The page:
Left 89 to St. Albans, VT and ate at the Cornerstone Restaurant. Excellent food and service there. Perhaps the best lunch we’ve had all along the way. Mileage 55,751. 6.8 gallons at 43.9 cents in St. Albans. Exchanged two $50 American Express checks for $103.00 Canadian.

Very neat town but had to leave highway 89 to get to it. Signs say “EXIT (SORTIE)” and “NO U TURN (PAS DE VIRAGE EN U)”

Had to unload my suitcase to show customs the car and trailer title plus the Insurance certificate. “ARRET – STOP!” and “LENTEMENT – SLOW” and TERRAIN (Private) DRIVE.

Notes on Montreal: several bridges. Pont this and that. We thought Pont was a new thing not the word for bridge. We drove across the same one many times because we couldn’t figure out which way to go. Sadly, it was a toll bridge. (5 X .50)

Finally found St. Catherine’s Park to camp ($2.00) We were issued a spot way out in the middle of a field under a punishing hot sun. St. Lawrence River runs along this campground. Public swim beach at the entrance, filled with people. The park is hot and dry and no campfires allowed. Heat wave is on. 90 degrees in the shade. Unhitched trailer and opened top. Then drove into city of Montreal.

Went to Eatons Department Store and got 2 china cups and saucers as souvenirs. ($7.52) Problem now is how to keep them from breaking on the trip home. Back to car as we only had 35 minutes to shop. Drove to LaRoma Cafe for delicious Italian supper. Becky just had to have the snails. She shared. Ugh, chewy car tires with garlic. I suppose they are great to people who like snails.  ($27.70) Back on street noticed many policemen on corners. A mounted policeman was very picturesque. A lot of folks walking on street. They didn’t look afraid of thugs, etc. This is a nice change. The parking was expensive ($2.15) for 5:45 to 6:15. We saw the Metro Underground subway but didn’t have time to take a ride.

It is still very hot when we get back to our campsite at 8:15. The gnats are driving us crazy. They along with the heat are almost too much to bear. The smell from the St. Lawrence seaway is like wafts of dead and rotting stuff. There was a swift current at one side and we could hear the roar of the water rushing past from where we were. Finally temperature got down to 75 but with a humidity of 91 – it was as bad as Houston!

July 30

In the A.M. things were no better – still too hot and too many gnats – wo we got ice at the camp store ($1.00 for two dinky pieces) and started out with no breakfast. The park is on an island and as we rounded the curve in the road we could see that the drawbridge over the seaway was up and an ocean liner was being taken through the boat locks. We was it being lowered to the level of the St. Lawrence River. The french holler “GET BACK” in french and not too nicely. All this without our morning coffee!

We finally cross and find a little restaurant – after coffee – all seems better with the world, even as we sit here reeking of bug spray.

The buildings in Montreal seem clean-cut and shiny. There are a lot of tiny parks and spots where flowers bloom. All the restrooms we were in were clean with not a bit of toilet paper or paper towel on the floors. A lot of concrete bridges along the road. I noticed in the suburbs that people had locked mailboxes. This is a good idea. We read in the paper that the mailmen were not delivering mail in the 90 degree heat. Not like our postal service, huh? Rain or shine, sleet or snow, etc.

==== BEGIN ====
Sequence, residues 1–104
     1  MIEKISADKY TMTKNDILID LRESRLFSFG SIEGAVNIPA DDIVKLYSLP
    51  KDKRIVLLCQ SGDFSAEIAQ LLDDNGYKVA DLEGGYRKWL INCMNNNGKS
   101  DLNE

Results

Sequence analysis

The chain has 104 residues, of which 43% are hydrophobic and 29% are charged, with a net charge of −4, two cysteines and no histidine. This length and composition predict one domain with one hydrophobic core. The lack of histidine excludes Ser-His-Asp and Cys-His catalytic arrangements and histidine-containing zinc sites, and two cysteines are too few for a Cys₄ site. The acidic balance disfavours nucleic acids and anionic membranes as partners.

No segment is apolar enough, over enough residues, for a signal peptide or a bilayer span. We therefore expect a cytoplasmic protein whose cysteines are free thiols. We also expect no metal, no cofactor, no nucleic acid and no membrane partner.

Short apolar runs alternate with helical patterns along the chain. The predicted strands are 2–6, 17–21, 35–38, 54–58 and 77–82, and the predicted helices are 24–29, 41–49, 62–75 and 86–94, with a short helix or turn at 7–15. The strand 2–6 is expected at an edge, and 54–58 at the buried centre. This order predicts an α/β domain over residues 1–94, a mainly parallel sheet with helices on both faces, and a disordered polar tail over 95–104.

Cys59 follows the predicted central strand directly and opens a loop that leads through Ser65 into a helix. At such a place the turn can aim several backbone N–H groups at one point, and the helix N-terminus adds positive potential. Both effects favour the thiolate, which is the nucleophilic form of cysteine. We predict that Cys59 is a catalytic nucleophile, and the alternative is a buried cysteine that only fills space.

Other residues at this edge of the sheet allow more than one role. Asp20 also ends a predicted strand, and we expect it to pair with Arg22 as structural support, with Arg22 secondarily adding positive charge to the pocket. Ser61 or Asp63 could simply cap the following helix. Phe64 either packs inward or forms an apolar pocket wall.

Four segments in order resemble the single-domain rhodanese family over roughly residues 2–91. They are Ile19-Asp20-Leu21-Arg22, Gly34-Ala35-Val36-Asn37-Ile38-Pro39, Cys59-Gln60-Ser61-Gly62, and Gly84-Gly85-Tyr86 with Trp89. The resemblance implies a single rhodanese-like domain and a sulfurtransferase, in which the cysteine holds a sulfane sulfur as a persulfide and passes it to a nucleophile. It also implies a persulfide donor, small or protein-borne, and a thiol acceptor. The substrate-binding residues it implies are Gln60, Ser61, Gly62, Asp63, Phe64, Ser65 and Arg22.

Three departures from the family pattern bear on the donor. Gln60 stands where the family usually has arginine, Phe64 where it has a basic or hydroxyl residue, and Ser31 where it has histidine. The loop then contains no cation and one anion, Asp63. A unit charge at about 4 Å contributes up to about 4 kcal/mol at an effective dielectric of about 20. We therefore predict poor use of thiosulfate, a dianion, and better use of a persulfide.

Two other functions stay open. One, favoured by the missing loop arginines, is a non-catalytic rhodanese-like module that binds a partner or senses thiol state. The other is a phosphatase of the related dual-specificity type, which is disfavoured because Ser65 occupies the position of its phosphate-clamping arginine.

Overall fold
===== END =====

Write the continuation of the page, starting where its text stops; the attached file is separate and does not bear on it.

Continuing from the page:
So down the road, and down the road we went.

The interstate highway 20 out of Montreal towards Toronto appears to be much like the highway between Houston and Beaumont – flat and smoggy. The radio announcer has just announced that the fish in the St. Lawrence River contain high levels of mercury – and unsafe to eat. Jon and Jeff couldn’t fish anyway. The water was too wild. Gas here is HIGH – 45 cents a gallon, however, their gallons are larger than ours. Liters??

So finally out of French land – though out dealings with the French were cordial.

Lunch, trailer stuff, and lock for gas cap ($12.02).

There are so many hippies wanting rides along here. Dirty, unkempt, smelly hippies. We noticed a great many of them in Montreal. Probably all of them filthy draft dodgers from the U.S. We also noticed on a downtown bldg that the Canadian Quebec flag was pristine but the U.S. flag was dirty and wrapped around the mast. Are they trying to be obnoxious? Don’t they know how we feel about that?

Candy .65, Toothache Drops $1.65 11

From My Mother Mary’s (1970) Journal:

Next A.M. July 21

left for Massachusetts after breakfast at Pennsylvania Dutch Pantry ($7.85). Mileage 54,636 4 gallons of gas at 34.5 cents. Drove over the Hudson River and had to pay for it! (.50).

Entering beautiful Connecticut, it seems more populated than south N.Y. state. Hills with boulders are pretty. Much greenery. All this lush, rolling countryside is such stark contrast to the ghettos on Independence Ave. in Washington D.C. There, we saw many, many colored men just sitting, doing nothing during working hours for everyone else. Why? Most colored people we came into contact with were haughty and indifferent, even as we were quite nice to them. Also noticed on our long walk back to the car in D.C. that colored people walking toward us on the sidewalk would walk between us, pushing us to step into the gutter. Why would they do this to children? We saw most of the guards at the Smithsonian were colored. What happened to the whites there? Do any whites actually live in D.C.?

Here in Connecticut there is such nice scenery. They are doing much work on the interstate in N.Y. and some here in Conn.